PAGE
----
Homelessness is the condition of people without a regular dwelling. People who are homeless are most often unable to acquire and maintain regular, safe, secure, and adequate housing, or lack "fixed, regular, and adequate night-time residence." The legal definition of "homeless" varies from country to country, or among different entities or institutions in the same country or region.[dubious – discuss] The term homeless may also include people whose primary night-time residence is in a homeless shelter, a warming center, a domestic violence shelter, a vehicle (including recreational vehicles and campers), cardboard boxes, a tent, tarpaulins, or other ad hoc housing situations. American Government homeless enumeration studies also include persons who sleep in a public or private place not designed for use as a regular sleeping accommodation for human beings. There are a number of organisations who provide provisions for the homeless for example, The Salvation Army.
An estimated 100 million people worldwide were homeless in 2005. In western countries, the large majority of homeless are men (75–80%), with single males particularly overrepresented. In the USA, LGBT people are over-represented among homeless youth, at 39%. Modern homelessness started as a result of economic stresses in society and reductions in the availability of affordable housing. In the United States, in the 1970s, the deinstitutionalisation of patients from state psychiatric hospitals was a precipitating factor in urban areas. By the mid-1980s, there was also a dramatic increase in family homelessness. Tied into this was an increasing number of impoverished and runaway children, teenagers, and young adults, which created more street children or street youth.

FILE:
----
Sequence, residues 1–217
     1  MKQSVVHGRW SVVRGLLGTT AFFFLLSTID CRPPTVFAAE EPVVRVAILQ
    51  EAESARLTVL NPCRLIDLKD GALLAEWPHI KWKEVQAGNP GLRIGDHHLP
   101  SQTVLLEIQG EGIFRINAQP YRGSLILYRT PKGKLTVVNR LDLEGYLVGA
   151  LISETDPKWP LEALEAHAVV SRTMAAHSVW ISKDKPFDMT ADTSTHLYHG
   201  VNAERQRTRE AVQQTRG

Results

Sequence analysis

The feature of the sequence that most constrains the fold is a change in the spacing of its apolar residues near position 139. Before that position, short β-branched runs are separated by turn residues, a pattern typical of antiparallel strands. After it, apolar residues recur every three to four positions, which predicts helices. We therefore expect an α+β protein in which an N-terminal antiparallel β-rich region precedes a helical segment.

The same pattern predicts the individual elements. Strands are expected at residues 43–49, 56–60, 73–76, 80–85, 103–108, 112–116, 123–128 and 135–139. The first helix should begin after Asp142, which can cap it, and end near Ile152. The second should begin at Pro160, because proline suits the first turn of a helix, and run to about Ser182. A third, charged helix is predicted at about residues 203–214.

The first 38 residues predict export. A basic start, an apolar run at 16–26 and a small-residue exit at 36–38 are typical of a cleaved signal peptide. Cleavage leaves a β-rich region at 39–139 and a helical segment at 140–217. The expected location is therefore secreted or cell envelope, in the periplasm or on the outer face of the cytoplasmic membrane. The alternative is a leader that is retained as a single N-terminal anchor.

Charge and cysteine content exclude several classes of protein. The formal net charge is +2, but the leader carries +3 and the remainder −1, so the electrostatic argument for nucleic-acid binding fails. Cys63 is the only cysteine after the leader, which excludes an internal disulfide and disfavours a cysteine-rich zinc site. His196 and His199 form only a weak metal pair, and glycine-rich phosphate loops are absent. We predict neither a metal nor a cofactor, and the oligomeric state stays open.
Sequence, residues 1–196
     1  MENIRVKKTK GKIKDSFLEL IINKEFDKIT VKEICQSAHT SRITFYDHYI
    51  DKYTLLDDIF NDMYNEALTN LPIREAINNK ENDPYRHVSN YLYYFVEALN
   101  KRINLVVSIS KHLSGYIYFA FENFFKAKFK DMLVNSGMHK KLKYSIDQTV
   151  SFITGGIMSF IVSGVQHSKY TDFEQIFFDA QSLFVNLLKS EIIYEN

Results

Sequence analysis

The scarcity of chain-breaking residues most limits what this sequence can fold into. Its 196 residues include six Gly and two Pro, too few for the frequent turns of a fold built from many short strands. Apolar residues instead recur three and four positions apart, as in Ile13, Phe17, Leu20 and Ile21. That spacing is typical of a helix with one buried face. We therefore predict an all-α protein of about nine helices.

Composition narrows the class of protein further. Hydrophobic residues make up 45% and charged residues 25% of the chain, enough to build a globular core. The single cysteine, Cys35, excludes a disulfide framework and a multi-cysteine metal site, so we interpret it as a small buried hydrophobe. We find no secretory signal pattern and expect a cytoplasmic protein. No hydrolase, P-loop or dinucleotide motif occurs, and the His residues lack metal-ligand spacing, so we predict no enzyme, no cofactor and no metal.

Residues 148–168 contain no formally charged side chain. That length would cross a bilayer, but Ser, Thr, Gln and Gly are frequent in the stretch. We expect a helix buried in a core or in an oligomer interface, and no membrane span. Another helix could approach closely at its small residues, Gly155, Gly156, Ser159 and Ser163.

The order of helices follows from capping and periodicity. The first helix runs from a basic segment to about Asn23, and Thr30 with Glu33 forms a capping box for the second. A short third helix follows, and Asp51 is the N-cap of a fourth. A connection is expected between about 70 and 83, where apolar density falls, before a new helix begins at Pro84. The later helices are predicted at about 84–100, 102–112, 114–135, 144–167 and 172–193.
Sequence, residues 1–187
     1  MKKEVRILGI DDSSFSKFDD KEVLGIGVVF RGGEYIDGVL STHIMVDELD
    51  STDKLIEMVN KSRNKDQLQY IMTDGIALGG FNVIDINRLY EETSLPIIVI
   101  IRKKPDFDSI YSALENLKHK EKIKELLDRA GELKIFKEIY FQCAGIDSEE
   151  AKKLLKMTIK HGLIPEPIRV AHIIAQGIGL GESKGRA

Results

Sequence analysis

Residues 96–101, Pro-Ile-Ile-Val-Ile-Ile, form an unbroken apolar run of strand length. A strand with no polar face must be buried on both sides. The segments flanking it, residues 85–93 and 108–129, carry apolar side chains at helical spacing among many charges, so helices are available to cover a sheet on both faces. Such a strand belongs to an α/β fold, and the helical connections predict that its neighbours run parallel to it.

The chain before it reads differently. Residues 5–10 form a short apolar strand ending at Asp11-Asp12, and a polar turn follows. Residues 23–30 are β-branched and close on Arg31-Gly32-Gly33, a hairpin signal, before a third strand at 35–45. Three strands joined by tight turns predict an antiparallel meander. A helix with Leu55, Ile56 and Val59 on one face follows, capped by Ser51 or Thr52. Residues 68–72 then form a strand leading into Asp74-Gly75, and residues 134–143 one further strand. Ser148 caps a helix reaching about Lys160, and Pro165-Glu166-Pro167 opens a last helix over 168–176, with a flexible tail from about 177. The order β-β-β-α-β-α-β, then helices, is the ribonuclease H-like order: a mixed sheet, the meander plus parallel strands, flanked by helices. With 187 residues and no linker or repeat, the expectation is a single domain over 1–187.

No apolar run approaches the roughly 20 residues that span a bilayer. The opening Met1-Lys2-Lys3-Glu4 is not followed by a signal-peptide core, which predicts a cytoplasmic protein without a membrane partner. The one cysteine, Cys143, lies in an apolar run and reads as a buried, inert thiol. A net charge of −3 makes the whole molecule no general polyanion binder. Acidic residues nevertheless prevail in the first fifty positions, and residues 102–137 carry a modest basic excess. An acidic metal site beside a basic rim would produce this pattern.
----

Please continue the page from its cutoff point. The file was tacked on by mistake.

Most countries provide a variety of services to assist homeless people. They often provide food, shelter and clothing and may be organized and run by community organizations (often with the help of volunteers) or by government departments. These programs may be supported by government, charities, churches and individual donors. Many non-profit organizations such as Goodwill Industries maintain a mission to "provide skill development and work opportunities to people with barriers to employment". Many cities also have street newspapers, which are publications designed to provide employment opportunity to homeless people. While some homeless have jobs, some must seek other methods to make a living. Begging or panhandling is one option, but is becoming increasingly illegal in many cities.
Difficulties in classification
The term unsheltered refers to that segment of a homeless community who do not have ordinary lawful access to buildings in which to sleep. Such persons frequently prefer the term houseless to the term homeless. Others may use the term street people, which does not fully encompass all unsheltered in that many such persons do not spend their time on urban street environments. Many shun such locales and prefer to convert unoccupied buildings, or to inhabit mountains or, more often, lowland meadows, and creek banks and beaches Many jurisdictions have developed programs to provide short term emergency shelter, often in churches or other institutional real property, during particularly cold spells. These are referred to as warming centers, and are credited by their advocates as lifesaving.
A portion of the homeless population are generally in transit, but there is no generally accepted terminology to describe them; some nomenclature is frequently associated with derogatory connotations, and thus the professional and vernacular lingo to describe these persons is both evolving and not lacking in controversy. Much of the concern stems from the European situation, where homeless persons of Roma, Sinti and other ethnic descent have rejected the term gypsy. Other terms which some use regarding in-transit persons are:...
Please join StudyMode to read the full document